[CW] When some people think of verb conjugations, they get a little nervous. All of those endings, the spelling changes, the irregulars… English, if it’s your native language, seems so much simpler. All you do is stick an -s or –es on the he/she/it forms, and Bob’s your uncle. That’s still a conjugation, of course, even if it’s a simplified one.
Other languages like French, Spanish, Italian, German, and Russian have a lot more going on. Every person, or almost every person, has a different form. There are multiple yous. There are spelling changes or stem changes or all sorts of other footnotes to keep in mind, and different categories of verbs (-ar, –er, –ir in Spanish for example) that have slightly different conjugations. It seems like a lot to take in at first.
But it really isn’t. In some ways learning verb conjugations is easier than learning vocabulary. It’s just one pattern (okay, a few different patterns) that you need to commit to memory, and then apply to as many regular verbs as you like. You’re getting more bang for your memorization buck.
You usually can’t avoid learning a couple of irregular verbs at the very beginning. Annoyingly, be and have and go and do are often irregular, depending on the language you’re learning, and you’ve got to learn them fairly early because they’re so common and useful.
But after that, go nuts with one category of regular verbs at a time. Let’s look at some examples from a few languages you might be studying:
Memorizing one of these paradigms can take as little as five minutes, if even that long. As with all things memorization, the trick is repetition. Repeat the forms to yourself in the order above, since this is almost always the order that verb conjugations are presented in. Say them out loud while you’re reading them, triggering two sense at once: parlo, parli, parla, parliamo, parlate, parlano; parlo, parli, parla, parliamo, parlate, parlano, etc. You’ll naturally give a little rhythm to it as you repeat, and that’s good. Think of how much easier it is to memorize something if it’s in a song.
Then write the full conjugation out a few times, speaking each form aloud as you write it and then read it. Again, you’re ushering in more ways of connecting with the forms. Move on to sentences, again staying in the order you’ve been using: je parle en classe, tu parles en classe, il parle en classe, elle parle en classe…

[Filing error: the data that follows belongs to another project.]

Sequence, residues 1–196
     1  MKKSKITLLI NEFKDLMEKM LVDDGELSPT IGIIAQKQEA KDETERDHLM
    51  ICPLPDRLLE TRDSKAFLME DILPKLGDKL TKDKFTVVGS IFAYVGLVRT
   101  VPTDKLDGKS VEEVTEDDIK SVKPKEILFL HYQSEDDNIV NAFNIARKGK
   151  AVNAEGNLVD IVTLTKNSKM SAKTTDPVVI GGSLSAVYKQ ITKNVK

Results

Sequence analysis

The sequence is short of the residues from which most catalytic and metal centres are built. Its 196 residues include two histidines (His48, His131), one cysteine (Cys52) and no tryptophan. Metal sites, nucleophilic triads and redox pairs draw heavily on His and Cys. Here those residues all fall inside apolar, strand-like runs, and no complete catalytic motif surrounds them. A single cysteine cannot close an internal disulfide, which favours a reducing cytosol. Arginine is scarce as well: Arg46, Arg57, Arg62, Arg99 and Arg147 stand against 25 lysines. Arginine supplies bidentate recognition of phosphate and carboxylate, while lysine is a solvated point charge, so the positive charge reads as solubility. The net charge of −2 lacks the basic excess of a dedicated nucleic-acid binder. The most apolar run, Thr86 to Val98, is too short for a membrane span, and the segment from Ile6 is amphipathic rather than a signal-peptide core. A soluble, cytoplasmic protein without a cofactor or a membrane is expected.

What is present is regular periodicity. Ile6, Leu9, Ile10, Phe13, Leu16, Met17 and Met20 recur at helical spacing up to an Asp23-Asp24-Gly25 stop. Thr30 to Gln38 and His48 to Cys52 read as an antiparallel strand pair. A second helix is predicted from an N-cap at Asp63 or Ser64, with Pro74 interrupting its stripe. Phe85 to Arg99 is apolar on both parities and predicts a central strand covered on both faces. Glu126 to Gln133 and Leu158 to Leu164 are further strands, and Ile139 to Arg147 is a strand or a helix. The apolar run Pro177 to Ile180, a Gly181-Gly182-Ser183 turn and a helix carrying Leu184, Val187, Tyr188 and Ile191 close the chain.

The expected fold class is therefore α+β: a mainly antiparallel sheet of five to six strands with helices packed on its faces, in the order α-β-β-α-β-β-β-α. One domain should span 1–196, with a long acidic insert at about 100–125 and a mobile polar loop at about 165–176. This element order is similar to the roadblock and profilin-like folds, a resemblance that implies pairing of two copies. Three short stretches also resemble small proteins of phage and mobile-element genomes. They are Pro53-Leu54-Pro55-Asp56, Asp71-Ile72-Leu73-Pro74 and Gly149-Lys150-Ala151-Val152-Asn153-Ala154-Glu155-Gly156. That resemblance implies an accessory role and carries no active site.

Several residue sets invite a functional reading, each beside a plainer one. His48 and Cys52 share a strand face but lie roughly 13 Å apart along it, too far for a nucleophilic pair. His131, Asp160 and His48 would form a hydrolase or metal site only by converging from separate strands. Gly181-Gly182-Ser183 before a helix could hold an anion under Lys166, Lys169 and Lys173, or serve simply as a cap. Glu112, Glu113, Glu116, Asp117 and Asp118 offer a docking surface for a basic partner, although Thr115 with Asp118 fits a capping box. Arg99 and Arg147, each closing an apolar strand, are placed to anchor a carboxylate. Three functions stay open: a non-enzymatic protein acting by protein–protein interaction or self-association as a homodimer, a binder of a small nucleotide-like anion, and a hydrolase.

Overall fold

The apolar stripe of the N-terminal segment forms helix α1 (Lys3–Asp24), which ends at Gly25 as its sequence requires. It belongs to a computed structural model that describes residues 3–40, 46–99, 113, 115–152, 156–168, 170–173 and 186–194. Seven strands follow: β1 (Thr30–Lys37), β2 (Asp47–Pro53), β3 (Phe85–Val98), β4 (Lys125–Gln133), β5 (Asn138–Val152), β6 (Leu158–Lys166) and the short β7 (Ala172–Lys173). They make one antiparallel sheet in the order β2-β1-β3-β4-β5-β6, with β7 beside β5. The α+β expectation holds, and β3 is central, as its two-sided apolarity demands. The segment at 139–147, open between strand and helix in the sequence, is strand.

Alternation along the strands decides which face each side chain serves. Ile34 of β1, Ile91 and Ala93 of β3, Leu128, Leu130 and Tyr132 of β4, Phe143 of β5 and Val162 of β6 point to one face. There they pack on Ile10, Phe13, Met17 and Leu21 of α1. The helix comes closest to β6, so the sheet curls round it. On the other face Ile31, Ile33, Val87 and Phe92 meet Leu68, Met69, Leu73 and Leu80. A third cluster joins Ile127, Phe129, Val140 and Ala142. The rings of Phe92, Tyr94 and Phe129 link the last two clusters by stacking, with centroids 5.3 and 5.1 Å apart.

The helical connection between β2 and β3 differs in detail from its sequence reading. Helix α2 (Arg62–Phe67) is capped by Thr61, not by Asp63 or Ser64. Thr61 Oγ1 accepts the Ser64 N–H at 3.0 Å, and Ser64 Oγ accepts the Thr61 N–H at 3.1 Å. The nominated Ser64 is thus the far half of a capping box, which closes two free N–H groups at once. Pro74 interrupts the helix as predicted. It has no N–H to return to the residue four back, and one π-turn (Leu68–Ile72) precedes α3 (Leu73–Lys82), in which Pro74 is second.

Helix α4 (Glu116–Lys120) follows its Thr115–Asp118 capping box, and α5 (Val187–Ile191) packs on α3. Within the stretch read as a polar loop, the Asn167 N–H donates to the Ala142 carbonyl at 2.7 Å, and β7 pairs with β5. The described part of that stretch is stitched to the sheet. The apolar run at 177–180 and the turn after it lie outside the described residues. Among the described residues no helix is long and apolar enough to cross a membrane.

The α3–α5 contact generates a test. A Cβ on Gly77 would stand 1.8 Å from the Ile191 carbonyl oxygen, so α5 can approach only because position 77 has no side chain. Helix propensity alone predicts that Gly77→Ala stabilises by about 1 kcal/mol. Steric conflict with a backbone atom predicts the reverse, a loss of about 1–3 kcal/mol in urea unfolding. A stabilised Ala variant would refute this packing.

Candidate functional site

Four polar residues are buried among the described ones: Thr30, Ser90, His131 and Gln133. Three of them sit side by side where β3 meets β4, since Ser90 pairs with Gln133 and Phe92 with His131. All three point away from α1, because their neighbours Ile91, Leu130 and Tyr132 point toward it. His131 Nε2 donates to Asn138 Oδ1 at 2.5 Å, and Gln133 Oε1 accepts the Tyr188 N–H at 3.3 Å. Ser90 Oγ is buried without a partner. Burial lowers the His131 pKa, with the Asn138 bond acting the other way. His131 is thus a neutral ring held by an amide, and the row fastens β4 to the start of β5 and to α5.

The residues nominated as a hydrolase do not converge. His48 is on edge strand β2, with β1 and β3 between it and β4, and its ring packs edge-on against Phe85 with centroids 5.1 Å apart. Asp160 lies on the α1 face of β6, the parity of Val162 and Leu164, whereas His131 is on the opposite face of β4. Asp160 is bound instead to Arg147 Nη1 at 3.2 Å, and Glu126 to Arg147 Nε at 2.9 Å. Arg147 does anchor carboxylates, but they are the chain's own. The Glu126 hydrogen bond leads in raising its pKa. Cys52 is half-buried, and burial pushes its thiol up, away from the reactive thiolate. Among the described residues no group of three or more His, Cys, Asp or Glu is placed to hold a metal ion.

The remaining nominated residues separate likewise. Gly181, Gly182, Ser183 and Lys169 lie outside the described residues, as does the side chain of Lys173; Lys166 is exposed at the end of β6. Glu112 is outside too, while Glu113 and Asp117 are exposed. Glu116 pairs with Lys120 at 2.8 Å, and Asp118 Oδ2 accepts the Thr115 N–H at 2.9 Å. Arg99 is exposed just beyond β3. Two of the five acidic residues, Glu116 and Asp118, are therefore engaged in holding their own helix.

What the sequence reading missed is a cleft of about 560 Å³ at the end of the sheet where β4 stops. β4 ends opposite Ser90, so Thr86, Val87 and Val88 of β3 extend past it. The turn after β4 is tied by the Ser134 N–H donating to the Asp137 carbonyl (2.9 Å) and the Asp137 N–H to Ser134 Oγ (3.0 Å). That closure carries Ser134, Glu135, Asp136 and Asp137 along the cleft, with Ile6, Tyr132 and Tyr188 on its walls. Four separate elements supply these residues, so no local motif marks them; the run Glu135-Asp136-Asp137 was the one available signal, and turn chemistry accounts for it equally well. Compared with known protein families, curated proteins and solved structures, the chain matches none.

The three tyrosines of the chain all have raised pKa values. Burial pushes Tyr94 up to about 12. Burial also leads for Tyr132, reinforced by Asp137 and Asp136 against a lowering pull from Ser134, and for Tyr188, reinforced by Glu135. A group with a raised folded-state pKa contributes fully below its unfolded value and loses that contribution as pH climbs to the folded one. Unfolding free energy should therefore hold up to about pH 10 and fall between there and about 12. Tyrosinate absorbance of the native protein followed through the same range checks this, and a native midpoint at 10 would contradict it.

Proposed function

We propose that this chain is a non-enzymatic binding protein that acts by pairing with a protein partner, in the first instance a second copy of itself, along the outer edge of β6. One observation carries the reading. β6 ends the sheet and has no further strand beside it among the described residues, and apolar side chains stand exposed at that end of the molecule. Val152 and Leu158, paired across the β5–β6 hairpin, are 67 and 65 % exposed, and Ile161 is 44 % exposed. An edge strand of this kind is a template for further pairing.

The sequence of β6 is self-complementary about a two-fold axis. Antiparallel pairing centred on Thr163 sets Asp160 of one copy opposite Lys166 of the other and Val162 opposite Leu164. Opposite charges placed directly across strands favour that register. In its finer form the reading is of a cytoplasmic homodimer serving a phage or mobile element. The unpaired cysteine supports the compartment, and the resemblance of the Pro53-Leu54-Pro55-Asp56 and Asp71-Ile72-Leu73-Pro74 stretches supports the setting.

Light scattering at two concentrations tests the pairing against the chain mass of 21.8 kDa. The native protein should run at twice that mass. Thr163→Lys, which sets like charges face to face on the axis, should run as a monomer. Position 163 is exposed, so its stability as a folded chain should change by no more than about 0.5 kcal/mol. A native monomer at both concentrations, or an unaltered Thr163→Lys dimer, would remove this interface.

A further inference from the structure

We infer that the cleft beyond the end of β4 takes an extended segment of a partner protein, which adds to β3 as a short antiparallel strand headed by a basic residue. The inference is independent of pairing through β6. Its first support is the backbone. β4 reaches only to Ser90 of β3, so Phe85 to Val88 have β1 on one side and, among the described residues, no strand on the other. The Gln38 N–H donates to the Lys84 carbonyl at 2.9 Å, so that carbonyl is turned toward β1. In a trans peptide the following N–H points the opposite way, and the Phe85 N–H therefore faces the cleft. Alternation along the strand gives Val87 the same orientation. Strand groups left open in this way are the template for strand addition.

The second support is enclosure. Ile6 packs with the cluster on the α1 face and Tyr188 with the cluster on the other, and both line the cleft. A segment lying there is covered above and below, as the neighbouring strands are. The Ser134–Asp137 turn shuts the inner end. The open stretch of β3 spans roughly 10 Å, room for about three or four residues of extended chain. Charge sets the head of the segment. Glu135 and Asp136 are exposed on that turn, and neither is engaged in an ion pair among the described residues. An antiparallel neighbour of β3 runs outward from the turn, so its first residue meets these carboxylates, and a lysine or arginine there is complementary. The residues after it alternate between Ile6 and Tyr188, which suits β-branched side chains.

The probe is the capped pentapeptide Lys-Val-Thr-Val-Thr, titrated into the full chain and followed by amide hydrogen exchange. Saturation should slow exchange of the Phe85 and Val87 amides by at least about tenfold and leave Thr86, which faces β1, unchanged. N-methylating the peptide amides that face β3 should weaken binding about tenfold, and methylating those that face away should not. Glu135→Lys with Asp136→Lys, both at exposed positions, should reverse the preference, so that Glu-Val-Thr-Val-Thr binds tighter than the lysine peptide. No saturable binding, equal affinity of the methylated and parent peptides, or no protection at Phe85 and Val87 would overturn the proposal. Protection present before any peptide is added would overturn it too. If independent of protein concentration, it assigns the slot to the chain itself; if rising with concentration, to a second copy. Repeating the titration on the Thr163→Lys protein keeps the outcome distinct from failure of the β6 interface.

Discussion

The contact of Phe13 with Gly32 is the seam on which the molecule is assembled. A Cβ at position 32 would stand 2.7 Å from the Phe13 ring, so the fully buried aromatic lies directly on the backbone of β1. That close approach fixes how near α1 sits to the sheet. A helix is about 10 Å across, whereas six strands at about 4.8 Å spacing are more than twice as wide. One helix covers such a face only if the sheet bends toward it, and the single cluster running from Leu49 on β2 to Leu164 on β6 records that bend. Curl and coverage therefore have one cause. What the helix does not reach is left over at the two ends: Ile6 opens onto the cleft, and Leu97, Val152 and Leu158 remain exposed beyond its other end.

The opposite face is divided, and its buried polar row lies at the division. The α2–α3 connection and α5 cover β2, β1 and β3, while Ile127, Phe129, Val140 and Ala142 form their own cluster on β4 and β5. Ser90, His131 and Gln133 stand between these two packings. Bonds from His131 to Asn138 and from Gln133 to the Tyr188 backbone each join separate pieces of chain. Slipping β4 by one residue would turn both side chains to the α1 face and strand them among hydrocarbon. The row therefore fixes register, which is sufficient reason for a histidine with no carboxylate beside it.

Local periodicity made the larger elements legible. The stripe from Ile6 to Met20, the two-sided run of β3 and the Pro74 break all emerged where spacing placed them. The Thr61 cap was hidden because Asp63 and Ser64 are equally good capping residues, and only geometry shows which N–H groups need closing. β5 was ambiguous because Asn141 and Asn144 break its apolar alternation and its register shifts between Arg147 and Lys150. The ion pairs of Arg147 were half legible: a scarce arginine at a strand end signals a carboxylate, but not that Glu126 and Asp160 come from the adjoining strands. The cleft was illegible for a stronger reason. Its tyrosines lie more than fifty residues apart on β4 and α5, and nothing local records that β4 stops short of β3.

Now use index cards or just cut up a piece of paper, or use a flashcard app if you’re not old school. Put the pronouns on one side, and the verb forms on the other. First go through them in the I-you-he/she/it-we-you-they order. When you see hablo, add the pronoun: yo hablo. Check the other side to make sure you’ve got it right. Then turn your deck over so you see the pronoun first. When you see ich, say spreche, and double check your answer. (For German wir and Sie/sie forms and French je and il/elle forms, you’ve got identical answers, so make some little note like a star on one form or the other.)
Finally, mix it up. Shuffle your deck so the forms are out of order. Start with the verb form side. If you see hablan, say ellos/ellas, and then double check. Then reverse sides, so you see the pronoun first: voi – parlate. You’ll probably find that this is a bit harder than doing things in the order you were sing-songing, but that’s the point.
After this whole process, you’ve probably come very close to indelibly writing the conjugation in your head, including any little stem changes like in German sprichst and spricht.
To expand your practice a bit, find another four or five regular verbs and see if you can do the entire conjugation out loud. If you’re still having trouble, write out the forms, and repeat them aloud again. Keep a nice, limited stock of infinitives as your practice set, and use them. Tell yourself what you’re doing, say what someone else is doing, talk about your friends or family, imagine that you’re speaking to a stranger. Just keep producing sentences with a variety of subjects, all using your small stock of infinitives.
All of this may seem goofy or even tedious, but it’s accomplishing the goal of making an automatic association between a subject and a verb form. You want to get to the point where the moment your mind thinks ella/elle/lei/sie, the only possible thing to come out of your mouth is habla/parle/parla/spricht. And there’s no secret trick to doing that, other than building up the automatic association through repetition. If you’re in a car and a ball rolls out into the road in front of you, your right foot is hitting the brake before you know what you’re doing. That’s from years of pattern building. You certainly didn’t know that when you were born, but now you couldn’t forget it if you tried. A lot of language learning comes down to the same concept.